kids organizing seminar went well but differently than I planned


Liz Jenkins


So I did my kids organizing seminar at the library yesterday. Really nice group of people showed up, including a bunch of my friends (nothing like pressure when your friends show up – kidding – it was great to have the moral support). It was interesting – I planned to talk about 2 aspects of organizing – the philosophical and the practical. I figured the practical would be of more interest and people would just tolerate the philosophical. It was not the other way around necessarily but most of the people that were there kind of knew the practical stuff – none of it is rocket science. Group like with like, put them in bins, label them, make them accessible to the kids, etc.

But what made a lot of people sit up and listen (and in one case, tears well up) was the part where I really shared my thoughts about how kids need to be responsible for their stuff, kids follow what their parents do and not what they say, and that they have TOO MUCH STUFF.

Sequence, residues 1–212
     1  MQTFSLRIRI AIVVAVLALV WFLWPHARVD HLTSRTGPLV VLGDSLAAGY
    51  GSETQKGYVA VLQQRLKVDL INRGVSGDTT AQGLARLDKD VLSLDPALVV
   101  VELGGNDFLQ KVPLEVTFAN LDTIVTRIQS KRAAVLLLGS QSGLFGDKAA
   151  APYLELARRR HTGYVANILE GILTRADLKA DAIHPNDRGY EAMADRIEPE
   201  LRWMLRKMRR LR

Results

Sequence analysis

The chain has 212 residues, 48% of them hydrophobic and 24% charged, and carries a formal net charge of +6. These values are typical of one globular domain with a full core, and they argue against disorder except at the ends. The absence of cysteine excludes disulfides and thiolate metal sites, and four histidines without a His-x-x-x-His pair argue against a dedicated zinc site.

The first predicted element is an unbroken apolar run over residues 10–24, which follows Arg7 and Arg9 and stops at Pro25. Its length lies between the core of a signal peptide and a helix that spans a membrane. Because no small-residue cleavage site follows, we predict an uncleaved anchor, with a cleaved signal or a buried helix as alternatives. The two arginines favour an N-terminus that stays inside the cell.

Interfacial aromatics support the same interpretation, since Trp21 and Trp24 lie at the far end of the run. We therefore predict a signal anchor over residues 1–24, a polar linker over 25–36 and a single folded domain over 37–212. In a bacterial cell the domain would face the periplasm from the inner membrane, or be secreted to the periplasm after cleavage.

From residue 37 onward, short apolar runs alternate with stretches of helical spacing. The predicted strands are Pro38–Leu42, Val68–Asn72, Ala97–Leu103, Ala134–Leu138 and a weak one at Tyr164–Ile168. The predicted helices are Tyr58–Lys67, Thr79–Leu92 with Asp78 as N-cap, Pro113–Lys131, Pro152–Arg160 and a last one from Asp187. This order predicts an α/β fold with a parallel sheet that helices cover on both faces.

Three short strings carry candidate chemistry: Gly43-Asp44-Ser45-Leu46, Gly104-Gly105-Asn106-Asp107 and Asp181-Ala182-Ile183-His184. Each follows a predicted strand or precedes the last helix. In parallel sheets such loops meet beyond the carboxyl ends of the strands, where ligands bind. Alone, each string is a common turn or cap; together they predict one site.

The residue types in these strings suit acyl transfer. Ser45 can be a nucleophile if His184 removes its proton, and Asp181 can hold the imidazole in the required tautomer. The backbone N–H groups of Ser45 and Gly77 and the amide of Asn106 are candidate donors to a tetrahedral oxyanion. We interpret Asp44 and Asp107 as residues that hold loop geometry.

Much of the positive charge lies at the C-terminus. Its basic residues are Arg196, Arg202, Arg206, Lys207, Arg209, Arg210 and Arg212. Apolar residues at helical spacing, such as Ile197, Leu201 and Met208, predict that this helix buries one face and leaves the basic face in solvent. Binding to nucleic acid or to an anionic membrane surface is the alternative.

We ended up talking about this so much that I just about ran out of time for the practical stuff although everyone stayed (except my friends – what’s up with that?) another half hour to go over these things. Verbalizing the thoughts that many of these people had was very cathartic for them – the knowledge that it’s ok to let go of things, and that no one is perfect can be very freeing.

So for everyone: no one is perfect when it comes to organizing, not even me; kids only play with a small portion of their things and have no need to have a lot of anything because it is overwhelming, confusing and frustrating for them; you don’t have to save everything because, honestly, they will NOT want it when they grow up (the only things to save are the truly beloved); be selective and choosy when it comes to what you bring into your home and what you keep – and this goes for what you do with your time as well – nothing is more important than spending time with your family (as I sit here writing this and, well, not interacting with my family – see – not perfect); and my final point: monkey see, monkey do – this means walk the walk, don’t just talk the talk, because your kids aren’t listening – they are watching.